Study: Beetle Kill Progression Impacts Elk, Hunters

Source: Rocky Mountain Elk Foundation


The epidemic of mountain beetle kill within the forests of the West is well documented with more than 1.5 million acres of forest affected in northern Colorado and southern Wyoming alone. Such changes have a dramatic impact on the landscape.

A continuing study aims to provide information on how hunters and elk change their use of the forest as trees die, as dead trees begin to fall and beetle kill management is implemented. Researchers place GPS collars on elk and monitor their movement. They also ask hunters to carry GPS units with them to monitor their movement as well.

To date, the Rocky Mountain Elk Foundation provided $62,000 in grant funding to assist the effort. RMEF volunteers also assisted with the initial capture of elk.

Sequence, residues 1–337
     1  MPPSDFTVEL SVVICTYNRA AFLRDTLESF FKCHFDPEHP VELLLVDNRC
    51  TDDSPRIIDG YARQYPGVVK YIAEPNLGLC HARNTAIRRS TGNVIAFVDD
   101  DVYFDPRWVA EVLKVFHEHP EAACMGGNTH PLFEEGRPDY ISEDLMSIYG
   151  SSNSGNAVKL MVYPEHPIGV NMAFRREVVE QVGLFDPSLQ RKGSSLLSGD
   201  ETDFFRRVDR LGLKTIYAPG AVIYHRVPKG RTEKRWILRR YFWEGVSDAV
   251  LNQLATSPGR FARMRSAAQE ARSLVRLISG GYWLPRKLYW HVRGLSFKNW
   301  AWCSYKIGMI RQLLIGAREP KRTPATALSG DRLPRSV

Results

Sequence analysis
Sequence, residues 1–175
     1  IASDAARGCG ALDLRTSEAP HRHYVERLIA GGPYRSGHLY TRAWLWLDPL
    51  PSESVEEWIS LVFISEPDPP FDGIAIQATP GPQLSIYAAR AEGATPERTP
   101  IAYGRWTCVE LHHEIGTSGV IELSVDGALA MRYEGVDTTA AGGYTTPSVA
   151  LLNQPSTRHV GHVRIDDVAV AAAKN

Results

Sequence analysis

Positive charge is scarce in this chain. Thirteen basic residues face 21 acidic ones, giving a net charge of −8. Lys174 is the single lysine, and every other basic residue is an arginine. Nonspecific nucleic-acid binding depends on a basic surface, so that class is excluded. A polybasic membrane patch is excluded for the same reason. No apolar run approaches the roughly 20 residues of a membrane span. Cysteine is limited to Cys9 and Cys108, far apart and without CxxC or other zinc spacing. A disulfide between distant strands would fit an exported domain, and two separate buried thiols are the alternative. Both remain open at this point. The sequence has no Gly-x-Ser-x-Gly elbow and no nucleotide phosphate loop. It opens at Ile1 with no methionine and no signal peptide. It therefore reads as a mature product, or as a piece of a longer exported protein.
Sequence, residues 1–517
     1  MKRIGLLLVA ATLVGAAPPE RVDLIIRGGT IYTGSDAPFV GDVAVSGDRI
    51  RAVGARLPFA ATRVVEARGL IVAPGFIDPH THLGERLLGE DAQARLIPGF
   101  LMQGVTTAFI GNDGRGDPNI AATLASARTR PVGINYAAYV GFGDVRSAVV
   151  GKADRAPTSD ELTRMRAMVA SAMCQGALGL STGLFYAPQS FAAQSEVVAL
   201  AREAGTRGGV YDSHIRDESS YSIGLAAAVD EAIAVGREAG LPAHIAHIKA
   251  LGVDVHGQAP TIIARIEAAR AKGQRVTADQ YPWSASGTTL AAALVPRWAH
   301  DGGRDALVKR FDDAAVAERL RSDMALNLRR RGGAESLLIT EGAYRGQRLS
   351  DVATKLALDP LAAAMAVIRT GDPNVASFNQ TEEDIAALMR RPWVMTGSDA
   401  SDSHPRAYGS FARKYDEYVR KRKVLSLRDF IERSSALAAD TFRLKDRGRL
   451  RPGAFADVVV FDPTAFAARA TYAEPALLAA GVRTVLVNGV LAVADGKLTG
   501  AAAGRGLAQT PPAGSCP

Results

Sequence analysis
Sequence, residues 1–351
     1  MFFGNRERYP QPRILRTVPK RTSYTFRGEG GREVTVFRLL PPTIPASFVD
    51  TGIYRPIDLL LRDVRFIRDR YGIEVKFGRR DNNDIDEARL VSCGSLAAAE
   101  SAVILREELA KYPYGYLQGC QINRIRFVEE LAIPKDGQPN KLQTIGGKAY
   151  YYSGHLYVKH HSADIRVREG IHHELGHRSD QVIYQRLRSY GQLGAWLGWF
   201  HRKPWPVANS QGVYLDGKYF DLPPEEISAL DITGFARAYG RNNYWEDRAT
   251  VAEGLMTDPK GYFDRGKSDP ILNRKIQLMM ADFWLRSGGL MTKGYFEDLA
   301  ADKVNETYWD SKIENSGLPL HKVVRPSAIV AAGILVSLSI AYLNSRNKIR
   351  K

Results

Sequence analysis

For large ungulates, factors such as nutrition, energetics, and hiding and thermal cover all influence habitat use. For nearly two decades, the forests of the Rocky Mountains (USA) have been experiencing a bark beetle epidemic of severity and duration that has not been seen in over a 100 years. Between northern Colorado and southern Wyoming, the mountain pine beetle has caused mortalities in over 1.5 million hectares of lodgepole pine forest. As the epidemic changes the structure and characteristics of the forest, the ungulates that inhabit these areas may alter their habitat use patterns to adapt to changing habitats. Moreover, ungulate distributional shifts may also lead to changes in the hunting patterns of humans, which are the primary predator of adult ungulates in affected forests. We are evaluating how the habitat use of elk is being influenced by the bark beetle epidemic in the Sierra Madre mountains of southeast Wyoming. By employing global positioning system (GPS) technology to document the movements of elk, we are quantifying how elk move about a forest with increased downed trees and understory vegetation and a potentially reduced thermal and hiding cover. To examine how elk use altered forest habitat, we are using satellite–derived land classification to categorize various stages of the beetle epidemic. In addition, we are coupling our analysis of elk habitat use with an analysis of how beetle kill is influencing hunter movements and interactions with elk. This work is done through voluntary monitoring of hunter movement paths during the fall hunting season. Our work will provide novel insights into how the bark beetle epidemic will influence elk habitat use and hunter effort, and this information will inform wildlife and land management decisions regarding ungulates and hunting in beetle-killed forests.